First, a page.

Saturday, May 03, 2008

Re: Musings on Software Testing

I just stumbled over a post by Wes Dyer on software testing. The post is a very interested read.

While I share a lot of the concerns that he mentions and also have seen a few of them materialize in practice, I still get the sense that something is not quite right in Wes' post.

Reading a book on a subject that heavily depends on practical experience doesn't really give you the full experience. I'm sure he'd agree with this.

Overall the post comes across as a mostly theoretical discussion with little practical background, at least on the commercial scale or long-term application of TDD. This surprises me a bit since Wes - at least in 2005 - was a developer on Microsoft's C# compiler team.

I would love to know more about the background and context, e.g. empirical data, practical experience from commercial projects, etc.

To make a specific point: He mentions that the testing ideal is to minimize the cost of bugs. Well, that is certainly a good objective. For TDD, however, there are additional aspects that are important, e.g. trying to find a simpler implementation of the code through refactoring that becomes only available because of the comprehensive test suite that TDD creates in the first place.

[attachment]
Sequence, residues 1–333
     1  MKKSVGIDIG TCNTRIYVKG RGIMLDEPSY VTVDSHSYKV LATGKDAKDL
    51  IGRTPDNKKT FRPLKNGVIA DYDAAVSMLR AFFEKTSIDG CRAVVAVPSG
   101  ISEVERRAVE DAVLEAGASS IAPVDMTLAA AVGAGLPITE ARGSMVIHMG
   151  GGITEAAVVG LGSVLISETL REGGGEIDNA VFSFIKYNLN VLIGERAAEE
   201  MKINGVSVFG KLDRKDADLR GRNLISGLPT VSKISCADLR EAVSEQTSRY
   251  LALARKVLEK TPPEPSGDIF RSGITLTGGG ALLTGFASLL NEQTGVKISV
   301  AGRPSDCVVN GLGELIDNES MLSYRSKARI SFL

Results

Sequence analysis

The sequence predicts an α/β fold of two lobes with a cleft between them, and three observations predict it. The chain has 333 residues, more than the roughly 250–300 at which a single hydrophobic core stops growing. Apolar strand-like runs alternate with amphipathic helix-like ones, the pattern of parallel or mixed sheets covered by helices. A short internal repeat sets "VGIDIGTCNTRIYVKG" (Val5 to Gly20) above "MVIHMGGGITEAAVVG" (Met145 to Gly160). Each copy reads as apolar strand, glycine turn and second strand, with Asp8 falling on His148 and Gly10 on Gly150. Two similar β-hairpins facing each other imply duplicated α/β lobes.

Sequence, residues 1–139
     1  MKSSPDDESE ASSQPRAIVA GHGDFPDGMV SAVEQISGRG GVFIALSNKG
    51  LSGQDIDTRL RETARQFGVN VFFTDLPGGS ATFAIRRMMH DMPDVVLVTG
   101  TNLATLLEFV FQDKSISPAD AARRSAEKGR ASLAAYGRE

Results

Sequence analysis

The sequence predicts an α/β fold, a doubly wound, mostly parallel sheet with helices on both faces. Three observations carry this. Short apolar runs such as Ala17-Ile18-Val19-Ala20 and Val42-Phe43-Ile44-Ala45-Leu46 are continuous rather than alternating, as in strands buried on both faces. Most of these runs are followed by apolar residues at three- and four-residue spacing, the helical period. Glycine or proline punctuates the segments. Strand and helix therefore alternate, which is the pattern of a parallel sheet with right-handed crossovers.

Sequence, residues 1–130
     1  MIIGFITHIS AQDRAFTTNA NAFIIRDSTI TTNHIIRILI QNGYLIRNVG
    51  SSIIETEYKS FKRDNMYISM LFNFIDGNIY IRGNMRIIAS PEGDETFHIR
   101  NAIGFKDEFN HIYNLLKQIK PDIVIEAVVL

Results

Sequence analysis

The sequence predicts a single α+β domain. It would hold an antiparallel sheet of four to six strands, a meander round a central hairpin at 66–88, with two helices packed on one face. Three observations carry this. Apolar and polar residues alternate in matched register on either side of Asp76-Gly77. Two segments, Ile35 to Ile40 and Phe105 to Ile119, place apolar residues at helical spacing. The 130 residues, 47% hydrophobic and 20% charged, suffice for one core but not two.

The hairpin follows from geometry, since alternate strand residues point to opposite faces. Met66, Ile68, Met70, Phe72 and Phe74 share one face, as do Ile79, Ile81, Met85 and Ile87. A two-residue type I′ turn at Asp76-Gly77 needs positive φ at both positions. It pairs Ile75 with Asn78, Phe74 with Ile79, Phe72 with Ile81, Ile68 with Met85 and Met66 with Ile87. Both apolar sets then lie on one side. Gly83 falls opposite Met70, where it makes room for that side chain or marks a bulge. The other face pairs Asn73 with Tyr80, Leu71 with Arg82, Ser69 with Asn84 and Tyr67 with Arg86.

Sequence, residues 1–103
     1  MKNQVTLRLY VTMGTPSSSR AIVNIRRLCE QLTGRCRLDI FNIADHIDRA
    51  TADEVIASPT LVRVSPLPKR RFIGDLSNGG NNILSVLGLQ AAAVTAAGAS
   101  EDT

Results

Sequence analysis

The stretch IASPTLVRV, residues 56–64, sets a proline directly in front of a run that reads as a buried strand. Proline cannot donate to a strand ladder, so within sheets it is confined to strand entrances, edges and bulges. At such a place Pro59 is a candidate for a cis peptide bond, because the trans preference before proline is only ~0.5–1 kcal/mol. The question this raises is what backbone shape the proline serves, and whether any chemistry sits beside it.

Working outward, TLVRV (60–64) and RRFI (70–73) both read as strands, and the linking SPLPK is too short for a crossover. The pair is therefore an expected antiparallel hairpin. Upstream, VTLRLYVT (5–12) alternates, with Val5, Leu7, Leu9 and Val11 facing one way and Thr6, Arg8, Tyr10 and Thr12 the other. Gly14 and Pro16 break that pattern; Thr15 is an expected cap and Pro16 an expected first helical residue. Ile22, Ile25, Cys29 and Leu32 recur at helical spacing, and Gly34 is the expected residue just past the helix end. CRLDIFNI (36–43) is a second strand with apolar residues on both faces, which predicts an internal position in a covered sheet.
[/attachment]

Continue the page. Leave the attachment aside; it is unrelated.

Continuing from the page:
I also think that the first diagram in Wes' post is not quite accurate. For instance while refactoring you also run tests to see whether or not your refactoring broke any tests. So you'd go from step 5 to step 2 or 4.

Looking at TDD in isolation doesn't make the cut either in my experience. TDD makes most sense and provides most value if it is one element in a system of interdependent and interrelated elements that comprise an agile development approach. So for instance there are interdependencies to refactoring, pair programming, and others. The techniques of XP are not just a laundry list of best practices. They support and strengthen each other.

I have been using XP (including TDD) in various projects of different sizes since 1999 when I was introduced to TDD/XP by Kent Beck. I am currently managing a 40+ people commercial software product project for an international audience. One of the key elements is TDD. The results that my teams have produced in this time have been by far superior to anything I have seen developed with a more "traditional" approach (this is certainly limited to the projects I have sufficient information about).

Bottom line: While I like Wes' post very much since it highlights a number of good points and concerns, at the same time it seems to lack quite some credibility because little empirical information is provided that support at least some of his statements. The post reads to quite some degree more like a theoretical opinion lacking sufficient practical background. Again, surprising given his (past) role at Microsoft.

One of my past managers liked to put it this way: Without numbers you are just a person with another opinion.

But, hey, maybe that's exactly what his post is: An opinion. And in that sense: Yes, I like it.

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